Logan family’s $35 million gift puts name on arts center, art center on campus mapBy Josh Schonwald
Last Thursday, May 3, the University announced it has received a $35 million cash gift from David and Reva Logan, and their sons and grandchildren, to support the University’s Center for the Creative and Performing Arts. David Logan, a graduate of the College and the University Law School, is a longtime supporter of the arts.
President Zimmer sent an e-mail message to inform members of the University community about the good news. “The gift by the Logans will have a transformative effect on the arts at the University. The Reva and David Logan Center for Creative and Performing Arts, which is slated for opening in 2011, at an estimated cost of $100 million, will be a venue for the artistic expression and multidisciplinary inquiry, performance and production of our faculty and students,” wrote Zimmer in his May 3 note.
The gift is one of the largest single donor gifts to the University in its history. It is also believed to be the single largest cash gift to the arts in the city of Chicago.
The Reva and David Logan Center for Creative and Performing Arts will be located on the southern end of the University campus, at 60th Street and Ingleside Avenue; it will become a center for all areas of artistic expression, including visual arts, theater and performance, music and film.
“This is a historic gift that will have a tremendous impact not only on our students, faculty and community, but on the future of the arts in Chicago,” said Zimmer. “Creativity has always been a hallmark of the University and an essential stimulus of the world-changing ideas that have taken root here. The opening of the Reva and David Logan Center for Creative and Performing Arts will give the University an unprecedented opportunity to pioneer new ideas and art forms by bringing diverse artistic disciplines and perspectives together in dynamic collaboration under one roof, and establishing a site where intellectual inquiry and creative practice meet. We look forward eagerly to welcoming our neighbors on the South Side to share this exciting space with us, and to expanding the ranks of first-rate cultural institutions in Chicago.”
David Logan is a 1939 graduate of the College and a 1941 graduate of the Law School. Reva Logan also attended the College and is a former teacher. The Logans have a wide range of philanthropic interests—they have given generously to support education, health, social change and poverty reduction—but the lifelong Chicago residents have had a particular passion for the arts.
“The Logan family sees the center not as a building project,” said David Logan, “but as a way to improve the quality of life for students and faculty of the University, as well as the community.” Logan served on the Illinois Arts Council for 29 years and chaired the Council’s Arts in Education panel during its first several years.
An internationally renowned collector of photography and artist-illustrated books, David Logan has received the Governor’s (Illinois) Special Recognition Award for Distinguished Service in the Arts and Education. In previous years, the Logans have provided generous grants in support of numerous arts projects, including New Writing in Photography, the Chicago Arts Partnership for Education, Ken Burns’ Jazz, and Duke University’s Jazz Loft Project.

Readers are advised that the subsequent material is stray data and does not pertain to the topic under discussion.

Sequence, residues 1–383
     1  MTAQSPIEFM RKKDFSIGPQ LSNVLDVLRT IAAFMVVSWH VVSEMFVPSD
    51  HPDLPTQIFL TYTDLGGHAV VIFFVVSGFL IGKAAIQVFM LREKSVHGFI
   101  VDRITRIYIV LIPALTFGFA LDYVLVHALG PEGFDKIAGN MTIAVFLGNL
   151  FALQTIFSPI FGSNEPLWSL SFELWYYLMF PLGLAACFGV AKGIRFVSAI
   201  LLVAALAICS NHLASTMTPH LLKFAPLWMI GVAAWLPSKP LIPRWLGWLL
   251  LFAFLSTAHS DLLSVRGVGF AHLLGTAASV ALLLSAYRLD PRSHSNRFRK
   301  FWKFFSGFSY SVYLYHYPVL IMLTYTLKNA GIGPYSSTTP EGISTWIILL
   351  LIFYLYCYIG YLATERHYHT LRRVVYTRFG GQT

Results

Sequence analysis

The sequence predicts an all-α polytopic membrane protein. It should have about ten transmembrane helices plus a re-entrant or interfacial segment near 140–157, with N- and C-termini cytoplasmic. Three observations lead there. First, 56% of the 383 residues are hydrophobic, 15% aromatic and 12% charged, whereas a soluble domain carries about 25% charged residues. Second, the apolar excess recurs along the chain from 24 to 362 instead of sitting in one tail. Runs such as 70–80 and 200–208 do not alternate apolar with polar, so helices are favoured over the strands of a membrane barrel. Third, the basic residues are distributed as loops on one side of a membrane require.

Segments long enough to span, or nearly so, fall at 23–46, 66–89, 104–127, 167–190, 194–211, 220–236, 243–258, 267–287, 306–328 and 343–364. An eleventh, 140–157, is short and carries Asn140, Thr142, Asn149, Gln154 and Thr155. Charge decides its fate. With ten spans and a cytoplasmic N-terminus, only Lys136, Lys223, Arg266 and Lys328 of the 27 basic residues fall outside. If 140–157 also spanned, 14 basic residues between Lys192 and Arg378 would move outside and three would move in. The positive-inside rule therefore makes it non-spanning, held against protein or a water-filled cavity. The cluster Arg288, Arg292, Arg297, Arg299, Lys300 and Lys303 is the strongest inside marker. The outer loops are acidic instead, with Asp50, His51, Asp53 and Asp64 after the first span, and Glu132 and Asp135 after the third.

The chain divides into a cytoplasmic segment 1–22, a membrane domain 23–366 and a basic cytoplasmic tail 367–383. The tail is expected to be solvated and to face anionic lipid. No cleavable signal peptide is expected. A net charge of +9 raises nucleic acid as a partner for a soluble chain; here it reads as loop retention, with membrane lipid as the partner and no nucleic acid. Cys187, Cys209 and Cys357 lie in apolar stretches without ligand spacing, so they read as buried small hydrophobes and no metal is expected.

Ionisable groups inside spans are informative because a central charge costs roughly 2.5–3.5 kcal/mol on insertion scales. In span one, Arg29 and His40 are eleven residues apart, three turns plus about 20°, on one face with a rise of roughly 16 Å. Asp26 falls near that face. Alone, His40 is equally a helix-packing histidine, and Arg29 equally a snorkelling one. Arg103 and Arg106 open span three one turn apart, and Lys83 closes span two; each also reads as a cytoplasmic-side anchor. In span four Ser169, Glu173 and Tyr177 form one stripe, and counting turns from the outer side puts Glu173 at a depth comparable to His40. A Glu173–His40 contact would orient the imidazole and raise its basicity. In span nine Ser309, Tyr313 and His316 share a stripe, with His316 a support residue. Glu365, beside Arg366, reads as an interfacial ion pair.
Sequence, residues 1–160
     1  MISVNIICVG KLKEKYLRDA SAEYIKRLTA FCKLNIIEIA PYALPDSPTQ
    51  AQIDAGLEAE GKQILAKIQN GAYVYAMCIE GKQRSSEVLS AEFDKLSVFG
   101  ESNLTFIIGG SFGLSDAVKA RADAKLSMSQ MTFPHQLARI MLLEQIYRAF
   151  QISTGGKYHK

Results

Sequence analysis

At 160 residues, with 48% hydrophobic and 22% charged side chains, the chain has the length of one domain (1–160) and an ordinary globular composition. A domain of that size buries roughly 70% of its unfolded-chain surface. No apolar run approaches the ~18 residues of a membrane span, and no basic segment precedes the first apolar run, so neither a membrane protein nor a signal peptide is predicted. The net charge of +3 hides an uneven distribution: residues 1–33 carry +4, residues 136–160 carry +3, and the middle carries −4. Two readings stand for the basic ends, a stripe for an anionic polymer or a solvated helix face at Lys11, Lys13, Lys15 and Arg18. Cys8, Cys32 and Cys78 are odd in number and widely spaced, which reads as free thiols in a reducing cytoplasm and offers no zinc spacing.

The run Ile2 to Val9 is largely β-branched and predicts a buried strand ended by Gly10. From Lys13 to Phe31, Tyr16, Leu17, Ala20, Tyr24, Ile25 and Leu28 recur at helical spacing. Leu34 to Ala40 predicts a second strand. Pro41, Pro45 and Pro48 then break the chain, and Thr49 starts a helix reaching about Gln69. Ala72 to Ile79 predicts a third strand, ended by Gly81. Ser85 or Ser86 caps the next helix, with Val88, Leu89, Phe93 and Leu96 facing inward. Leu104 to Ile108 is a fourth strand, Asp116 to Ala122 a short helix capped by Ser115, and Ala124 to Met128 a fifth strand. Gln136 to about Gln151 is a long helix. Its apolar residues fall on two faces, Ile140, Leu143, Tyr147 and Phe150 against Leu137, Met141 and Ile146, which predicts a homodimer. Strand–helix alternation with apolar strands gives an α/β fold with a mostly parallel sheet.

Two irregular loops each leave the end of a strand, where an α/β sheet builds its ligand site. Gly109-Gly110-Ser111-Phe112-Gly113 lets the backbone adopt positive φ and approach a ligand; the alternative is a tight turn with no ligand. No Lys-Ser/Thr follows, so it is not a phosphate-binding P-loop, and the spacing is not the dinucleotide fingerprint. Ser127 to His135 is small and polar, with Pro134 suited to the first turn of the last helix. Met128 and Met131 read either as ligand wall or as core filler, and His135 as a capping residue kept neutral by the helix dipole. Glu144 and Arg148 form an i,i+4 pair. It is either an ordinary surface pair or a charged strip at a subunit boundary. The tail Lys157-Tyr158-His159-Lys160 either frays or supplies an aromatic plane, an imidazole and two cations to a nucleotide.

The couple also has funded the Reva and David Logan Collection of Illustrated Books at the Legion of Honor in San Francisco and has endowed a faculty position in investigative journalism at the University of California Berkeley’s Graduate School of Journalism. David Logan also has been a leader in Chicago’s alumni community.
During a kick-off reception in Ida Noyes Hall for the University’s Chicago Convenes event Friday, May 4, David and Reva Logan’s son, Dan, spoke about the gift on behalf of his family.
“The arts tell us who we are, they get us to think, inspire us,” he said. “My parents have always believed in the arts and believed that they should be accessible to everyone. We believe that the arts can change lives.
“Like most families, we have trouble agreeing. But all of the members of my family agreed on this decision. This is the right place—my parent’s city, their alma mater—and the right time. We believe this university under President Zimmer’s leadership will advance its vision for the arts. We’re proud to be a catalyst for the arts center, and we hope you will join us in supporting it.”
One of the art center’s long-time champions Danielle Allen, Dean of the Division of the Humanities, said, “Universities, at their best, are places of invention that change peoples’ lives. David Logan understands that and has responded with magnanimity. His gift is an act of vision. Throughout the 20th century, the arts have inspired daring creativity at Chicago; with this remarkable gift the University’s distinctive dynamism and creative power are secured for future generations.”
John Boyer, Dean of the College, said that the Logan gift will, at last, provide the University with an arts center truly worthy of its students and faculty. “As an alumnus of the College and the Law School,” Boyer said, “David understands the profound importance of the creative and performing arts to students in the College and in the professional schools and graduate divisions as well. The Logan Center will be a democratic building, a building of beauty and dignity, and a building that conveys by its openness and quiet authority that it is a perfect symbol of a great educational institution in a great metropolis.”
An architect for the Reva and David Logan Center for the Creative and Performing Arts will be selected later this month. For more information on the arts at the University, please visit http://arts.uchicago.edu.